Sunday, March 20, 2011

Giving is Good (but what are the rules?)

As I am about to embark on a trip where I am the banker, in charge of paying the bills and distributing the tips Kevin Salwen’s article in the New York Times “When to Get Your Wallet Out”  caught my attention.  

What to tip, when and how much is always a question as we travel whether its near home or across the world.  We can check out the “rules” by doing a quick Google search for Tipping rules.  Among the guides you’ll find a country by country list ranging from Croatia to Saudia Arabia at   Conde Nast Traveler Etiquette 101 Tipping Guide  A quick read will tell you that in Dubai as in Paris your restaurant bill will include a service charge but its considered polite to add a bit if you think your service was good.

But what these guides don’t tell us is think about the purpose, the intention of the money we give.  Are we just saying thank you for delivering fresh towels or are we aware that we’re providing part of the salary that will feed the family of the person who opened doors for us?  They don’t help us distinguish between being generous, appreciative of service provided and appearing to be a traveler showing off your wealth?   There aren’t any Etiquette 101 practices to address this part of the tipping equation.  As Mr. Salwen points out the decisions are personal based on our budgets often our feeling at any given moment.  Are we trying to invest in the local economy, help the street vendor build his business, establish a relationship that will lead to better service in the future? 

Tipping, giving money for something received isn’t confined to restaurants, cabs and hotels.  My favorite way to support the local economy is to give a “donation” to people playing music in the subway, on a street corner.  They brighten my day (a great service) and I appreciate the effort it takes to perform in public. Plus I believe that the world needs music.  My few coins may help keep it available for other travelers.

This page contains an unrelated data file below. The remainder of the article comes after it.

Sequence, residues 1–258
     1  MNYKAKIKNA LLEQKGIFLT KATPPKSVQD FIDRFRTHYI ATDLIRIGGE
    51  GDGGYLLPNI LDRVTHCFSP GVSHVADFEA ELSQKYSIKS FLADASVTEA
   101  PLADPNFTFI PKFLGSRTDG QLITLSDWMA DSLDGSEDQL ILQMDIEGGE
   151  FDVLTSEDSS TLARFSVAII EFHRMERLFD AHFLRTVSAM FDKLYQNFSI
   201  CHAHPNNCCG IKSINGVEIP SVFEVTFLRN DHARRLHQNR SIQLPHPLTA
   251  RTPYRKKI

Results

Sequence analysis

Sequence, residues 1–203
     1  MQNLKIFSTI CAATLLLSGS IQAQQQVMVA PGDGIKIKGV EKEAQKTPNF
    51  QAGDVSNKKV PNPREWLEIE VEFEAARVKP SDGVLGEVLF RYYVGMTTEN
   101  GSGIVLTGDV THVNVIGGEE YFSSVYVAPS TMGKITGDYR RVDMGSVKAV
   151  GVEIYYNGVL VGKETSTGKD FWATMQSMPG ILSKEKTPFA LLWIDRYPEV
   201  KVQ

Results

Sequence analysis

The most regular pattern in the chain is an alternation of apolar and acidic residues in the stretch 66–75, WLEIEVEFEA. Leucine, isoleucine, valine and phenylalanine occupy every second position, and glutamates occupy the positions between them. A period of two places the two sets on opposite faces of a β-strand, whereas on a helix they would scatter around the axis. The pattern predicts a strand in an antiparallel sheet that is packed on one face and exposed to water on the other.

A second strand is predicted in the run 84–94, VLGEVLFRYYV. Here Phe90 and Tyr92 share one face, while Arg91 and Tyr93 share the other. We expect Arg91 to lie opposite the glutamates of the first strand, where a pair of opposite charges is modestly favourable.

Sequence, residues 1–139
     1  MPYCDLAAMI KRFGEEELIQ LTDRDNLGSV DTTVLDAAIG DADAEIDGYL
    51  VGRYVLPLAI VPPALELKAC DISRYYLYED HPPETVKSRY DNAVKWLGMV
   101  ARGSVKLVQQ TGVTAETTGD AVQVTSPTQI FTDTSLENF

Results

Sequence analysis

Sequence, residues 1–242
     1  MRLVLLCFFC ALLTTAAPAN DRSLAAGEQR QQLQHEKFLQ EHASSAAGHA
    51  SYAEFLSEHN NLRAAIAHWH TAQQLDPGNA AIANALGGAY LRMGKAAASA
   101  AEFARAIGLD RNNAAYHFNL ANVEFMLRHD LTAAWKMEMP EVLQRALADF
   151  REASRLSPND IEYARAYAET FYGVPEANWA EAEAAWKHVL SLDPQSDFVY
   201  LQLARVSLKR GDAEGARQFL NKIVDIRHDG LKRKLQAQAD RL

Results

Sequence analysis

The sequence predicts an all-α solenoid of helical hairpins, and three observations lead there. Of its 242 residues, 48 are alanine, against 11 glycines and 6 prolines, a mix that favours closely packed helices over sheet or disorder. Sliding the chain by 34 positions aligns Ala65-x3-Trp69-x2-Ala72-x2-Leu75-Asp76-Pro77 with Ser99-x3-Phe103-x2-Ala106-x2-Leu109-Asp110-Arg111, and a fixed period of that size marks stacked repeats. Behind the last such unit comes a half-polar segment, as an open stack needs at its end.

Before you board the plane or boat, get in the car, or hop on your bike for the next trip, check out your own philosophy about tipping as well as the standard practices at your destination.

Sunday, March 13, 2011

Where is Baggage Claim?

Although Las Vegas now has serious competition from resorts in Singapore, (see the rececent Economist article and other parts of the world it still attracts almost 40 million visitors each year with approximately 5,000,000 coming from places outside the US. 

Looking around at the crowds walking the strip or people in the casinos sitting in front of the tables and slot machines its not easy to identify which countries are represented.  The uniform for everyone seems to be jeans with a top – shirt, sweater, or jacket.  But as you walk around the sounds of the conversations reveal that visitors likely have traveled a distance to enjoy the shows, restaurants, shops and gambling opportunities.  Within hours of arrival the sounds of Spanish, French, and Italian mingled with the bells of the slot machines.  We overheard parts of conversations in Chinese, German, and heavily accented English.   Visitors came from Sweden and Israel and beyond attending conferences, on vacation or following the NASCAR races.

And yet, with all the international traffic the airport (McCarran International which offers lots of slot machines didn’t appear to have a single sign that In any language but English.  Not even as Memphis airport ( did, a sign marking the exit in multiple languages.  While it is reasonable to assume that most travelers know a few words of English, how much more welcome they might feel if signs at the airport welcomed them, or made the search for food, baggage or restrooms a little easier by offering a choice of languages.